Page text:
Jun 30, 2010

Top Five Spider-Man Artists Who Don't Get Enough Credit

Welcome to the first installment in our Spider-Man Week! Today, we list five Spider-Man artists who don't get enough credit. These are five artists that I really enjoy, but seem to not really get the attention they deserve. Ready? Let's go!
 



5. Marcos Martin

Yes, I know just how celebrated Marcos Martin is currently in the current, Brand New Day Spider-Man regime, and I'm here to tell you that if you're missing out on the current Spider-Man titles, you are seriously missing out on this guy's amazing work. His storytelling skills and layout abilities have very few peers in today's market. Everything looks dynamic, and, a Marcos Martin page, taken as a whole, often looks like a poster.


I consider Marcos Martin as a modern-day Steve Ditko. His inventiveness when it comes to the wall-crawler has no equal.

4. Steven Butler

My first exposure to  Steven Butler's work was also, oddly enough, my first exposure to Kurt Busiek's work. In Web of Spider-Man 81, the webslinger comes across a new enemy named Bloodshed. Even though Bloodshed was so clearly a relic of the 90s, the story was so good that I read that issue until it came off the staples. And the art, well, I thought the art was just splendid.


So years later, I was happy when Steven Butler got the regular job on Web, and I instantly bought the first official chapter of what would eventually be the infamous Clone Saga.


I thought and still think that Steven Butler was a solid storyteller, but what makes it for me is his near-perfect combination of cartoony exaggeration and detail.


Steven Butler drew Web of Spider-Man 81, 117-120, 122-125, and 127-129. He drew the covers for 117-129. He then went on to draw Sonic the Hedgehog for Archie Comics and pioneered the Archie New Look series.


3. Ty Templeton

Ty Templeton is best known for his work on Batman Adventures (adapting the Bruce Timm Batman series) and the Bongo Comics Simpsons series (adapting The Simpsons, duh), so I really don't think that he gets enough credit, period, since it could always seem like he's working on a house style. But he drew the Spider-Man/Human Torch miniseries, written by Dan Slott, which was featured yesterday in our five Spider-Man stories you should read.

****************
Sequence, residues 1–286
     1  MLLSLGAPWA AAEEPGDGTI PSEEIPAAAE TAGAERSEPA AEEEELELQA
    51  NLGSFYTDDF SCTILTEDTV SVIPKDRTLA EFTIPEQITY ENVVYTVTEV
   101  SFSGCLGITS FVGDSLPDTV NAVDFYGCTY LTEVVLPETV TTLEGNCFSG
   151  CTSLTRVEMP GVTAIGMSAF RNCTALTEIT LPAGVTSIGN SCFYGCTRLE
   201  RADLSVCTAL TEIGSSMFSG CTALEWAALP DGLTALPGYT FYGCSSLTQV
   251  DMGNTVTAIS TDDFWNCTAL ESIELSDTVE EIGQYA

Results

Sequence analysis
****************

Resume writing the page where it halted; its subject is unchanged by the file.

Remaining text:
Templeton's style, influenced obviously by that of Alex Toth, is minimalist, clean, and simple, and his heavy blacks accentuate the gesture of his line. It's perfect for Spider-Man, since it lends itself to an animation type of storytelling, and his expressive emotions and gestures emphasize the comedy.



But Ty Templeton isn't just good for comedy, no. You can see it here, when Peter talks to Johnny about Gwen's death. And to emphasize how good this is, Ty Templeton does it in one panel, and Spider-Man wears a full face mask, making it impossible for any artist to depict his emotions through facial patterns.


Bravo, Ty Templeton.


2. Mike McKone

I put Mike McKone up here because Marcos Martin does get a lot of credit (though not enough, since there are all those people who are still boycotting Spider-Man because of One More Day),  but just like I consider Martin as a modern-day Steve Ditko, I see McKone as a modern-day John Romita Sr. His work is so clean and his storytelling is so clear, just like John Romita. Which isn't to say that he's not inventive as well. Look at the way he uses Spider-Man's back spider symbol to frame key scenes, such as Peter's spider-sense tingling:


And to establish motion:


I think Mike McKone is a solid storyteller who draws a great Spider-Man. He currently draws Avengers Academy, which is also pretty good.


1. Steve Skroce

Finally, we have Steve Skroce, who drew Amazing Spider-Man 418-422, and 425-428. That's not a huge body of work, which I think is a shame, because I think Steve Skroce was the ideal combination between the clean, cartoony, and expressive style of someone like Mike McKone and the distorted, contortionist style of someone like Todd McFarlane.


Steve Skroce didn't stay long on Spider-Man, because he soon got an offer to draw Youngblood for Alan Moore (and how could we hold that against him? Well, I guess because it's Youngblood), but I always thought there was so much untapped potential in his wallcrawler, and the way he expresses emotion to me was so fitting for Spider-Man.


He then went on to make a name for himself on storyboards for Hollywood, including those for The Matrix.


That's my list! Do you have any artists you'd like to bring to public attention? Leave a comment!

Check back tomorrow for the five most important moments in Spider-Man's history, and later to look at one of the most famous Spider-Man covers!

5 comments:

Anonymous said...

These are great, but I was surprised Ross Andru wasn't on here.

Duy said...

You know, quite honestly, I was on the fence about Ross Andru. He's basically number 6 on this list and also number 6 on the list of most important Spider-Man artists.

In the end, he gets too much credit to be on this list (he did do Superman/Spider-Man, after all) and just wasn't as important as the other five to be on the other. It's sad.

Josh said...

Good list, I really like Steve Skroces work in particular. I would definitely have put Mark Buckingham in there somewhere though.

Duy said...

Hi Josh, I'm in the minority and am not actually a fan of Mark Buckingham in general, and I doubt he'd ever make any of my top lists. But glad to see we share the love for Skroce!

weeklycomicreview said...

holy crapola you are so right about Skroce! he was absolutely phenomenal. one of the best artists of the era....

I wish i could go back in time and tell him, "don't leave, Steve"

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